AI chatbots have gained immense popularity in the last few years, and it’s not surprising to hear that TikTok is now testing its own AI chatbot called “Tako”. Currently undergoing limited testing in select markets, Tako will appear on the right-hand side of the TikTok interface, positioned above the user’s profile and other buttons such as likes, comments, and bookmarks. Once users tap on Tako, they can ask it various questions about the video using natural language or seek recommendations for new content.
For example, while watching a video of King Charles’ coronation, Tako might suggest users ask, ‘What is the significance of King Charles III’s coronation?” Similarly, if users are looking for ideas on what to watch, they can ask Tako to recommend videos on a specific topic, like funny pet videos, for example. In response, the bot will provide a list of results that includes the video’s details, such as name, author, subject, and links to suggested videos. By clicking on a video thumbnail, users can directly access the content.
Testing and Market Expansion
App intelligence firm Watchful.ai discovered the bot during its public testing phase, which TikTok has confirmed. A spokesperson from TikTok stated, “Being at the forefront of innovation is core to building the TikTok experience, and we’re always exploring new technologies to add value to our community.” They further added, “In select markets, we’re testing new ways to power search and discovery on TikTok, and we look forward to learning from our community as we continue to create a safe space that entertains, inspires creativity, and drives culture.”
While Watchful.ai claims to have found the AI chatbot being tested on iOS devices in the U.S., TikTok clarifies that the current version of the bot is not publicly available in the U.S. It is, however, being tested in other global markets, including an initial limited test in the Philippines. Additionally, the bot will not be visible on accounts belonging to children.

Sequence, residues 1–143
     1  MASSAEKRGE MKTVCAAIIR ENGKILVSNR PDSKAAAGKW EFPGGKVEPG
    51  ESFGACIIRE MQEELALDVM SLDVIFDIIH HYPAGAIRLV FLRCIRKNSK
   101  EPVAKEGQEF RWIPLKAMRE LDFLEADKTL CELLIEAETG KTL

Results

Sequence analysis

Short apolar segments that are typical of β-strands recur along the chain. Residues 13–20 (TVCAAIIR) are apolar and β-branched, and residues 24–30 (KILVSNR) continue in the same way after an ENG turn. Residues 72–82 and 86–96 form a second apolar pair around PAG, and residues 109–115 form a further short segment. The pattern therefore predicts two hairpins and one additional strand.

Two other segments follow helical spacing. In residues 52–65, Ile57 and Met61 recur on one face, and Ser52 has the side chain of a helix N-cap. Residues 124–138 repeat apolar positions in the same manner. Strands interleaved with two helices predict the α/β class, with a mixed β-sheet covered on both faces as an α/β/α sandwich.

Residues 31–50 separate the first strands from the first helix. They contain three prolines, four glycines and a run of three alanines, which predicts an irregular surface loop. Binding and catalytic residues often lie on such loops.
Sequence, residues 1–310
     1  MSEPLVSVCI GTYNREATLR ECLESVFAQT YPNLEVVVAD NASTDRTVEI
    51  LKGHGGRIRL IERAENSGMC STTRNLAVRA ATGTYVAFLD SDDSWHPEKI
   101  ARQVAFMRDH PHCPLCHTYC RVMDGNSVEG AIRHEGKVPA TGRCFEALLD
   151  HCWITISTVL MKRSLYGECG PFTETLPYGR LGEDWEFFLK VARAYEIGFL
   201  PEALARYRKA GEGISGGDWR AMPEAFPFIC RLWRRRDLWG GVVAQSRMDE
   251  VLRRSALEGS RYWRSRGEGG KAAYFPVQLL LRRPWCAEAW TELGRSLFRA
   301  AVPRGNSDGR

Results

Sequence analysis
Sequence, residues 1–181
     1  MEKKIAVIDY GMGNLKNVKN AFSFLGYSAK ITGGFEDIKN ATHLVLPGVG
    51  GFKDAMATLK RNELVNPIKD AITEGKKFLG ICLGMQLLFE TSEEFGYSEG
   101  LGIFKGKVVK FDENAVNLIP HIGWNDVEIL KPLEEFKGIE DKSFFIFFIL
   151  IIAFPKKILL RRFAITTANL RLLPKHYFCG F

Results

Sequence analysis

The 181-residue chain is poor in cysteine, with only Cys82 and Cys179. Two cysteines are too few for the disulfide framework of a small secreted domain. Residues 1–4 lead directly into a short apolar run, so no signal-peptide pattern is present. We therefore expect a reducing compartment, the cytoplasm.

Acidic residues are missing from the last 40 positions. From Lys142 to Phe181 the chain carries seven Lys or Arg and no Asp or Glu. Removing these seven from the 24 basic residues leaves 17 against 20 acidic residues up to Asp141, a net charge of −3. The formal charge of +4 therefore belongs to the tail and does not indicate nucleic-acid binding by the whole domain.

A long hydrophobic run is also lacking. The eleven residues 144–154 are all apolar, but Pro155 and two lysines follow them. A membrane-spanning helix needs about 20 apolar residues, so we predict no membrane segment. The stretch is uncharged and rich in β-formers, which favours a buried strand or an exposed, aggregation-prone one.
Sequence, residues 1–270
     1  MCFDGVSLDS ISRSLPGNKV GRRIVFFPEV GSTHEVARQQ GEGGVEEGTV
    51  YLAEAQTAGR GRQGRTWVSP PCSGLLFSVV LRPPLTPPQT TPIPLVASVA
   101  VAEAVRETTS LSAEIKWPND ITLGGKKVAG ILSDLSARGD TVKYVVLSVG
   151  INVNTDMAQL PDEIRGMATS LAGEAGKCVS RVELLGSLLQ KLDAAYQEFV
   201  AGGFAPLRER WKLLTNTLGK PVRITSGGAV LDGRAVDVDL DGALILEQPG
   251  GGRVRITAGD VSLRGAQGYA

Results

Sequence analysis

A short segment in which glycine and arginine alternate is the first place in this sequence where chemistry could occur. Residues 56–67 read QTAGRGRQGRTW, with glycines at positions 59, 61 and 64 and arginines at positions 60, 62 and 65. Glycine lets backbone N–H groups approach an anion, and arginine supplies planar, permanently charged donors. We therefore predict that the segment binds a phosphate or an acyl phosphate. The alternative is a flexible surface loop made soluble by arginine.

Behind the scenes, TikTok is utilising an undisclosed third-party AI provider customised to suit its requirements. This modification does not involve the use of any in-house AI technologies from TikTok or its parent company, ByteDance.
Upon the initial launch of Tako, TikTok informs users via a pop-up message that the bot is still considered “experimental” and its feedback “may not be true or accurate.” This disclaimer applies to all modern AI chatbots, including ChatGPT and Google Bard, among others. TikTok emphasises that the chatbot should not be relied upon for medical, legal, or financial advice.
The disclosure also states that all conversations with Tako will be reviewed for safety purposes and, in a vague manner, to” enhance your experience.” Unfortunately, this is one of the challenges associated with using modern AI chatbots. As the technologies are relatively new, companies choose to log customer interactions and review them to improve their bots. However, from a privacy perspective, this means that AI conversations are not deleted after the chats conclude, which poses potential risks.
To address consumer privacy concerns, some companies have allowed users to manually delete their chats, just as the Snapchat app has done with its ‘My AI’ chatbot companion. TikTok is following a similar approach by enabling users to delete their chats. It remains unclear whether the AI chatbot logs data associated with the user’s name or other personal information, and the long-term data retention policies and privacy aspects of the chatbot cannot be determined at this time.
Due to security risks associated with AI chatbots, some companies have banned their use at work. Apple, for instance, restricts its employees from utilising tools like ChatGPT or GitHub’s Copilot to prevent the leakage of confidential data. Other companies that recently implemented similar bans include Bank of America, Citi, Deutsche Bank, Goldman Sachs, Wells Fargo, JPMorgan, Walmart, Samsung, and telecom giant Verizon.
Challenging Google’s Dominance
While most companies are experimenting with AI in various ways, TikTok believes that the chatbot could serve a purpose beyond answering video-related questions. It could potentially become an alternative method for users to discover content within the app, moving beyond traditional search boxes. If TikTok’s tests prove successful and the chatbot is publicly launched, it could pose a threat to Google, especially considering that Gen Z users are already turning to TikTok and Instagram as their primary search destinations for specific subjects. Although Google plans to introduce a conversational experience in search, an in-app AI chatbot on Tiktok could encourage younger users to bypass Google altogether.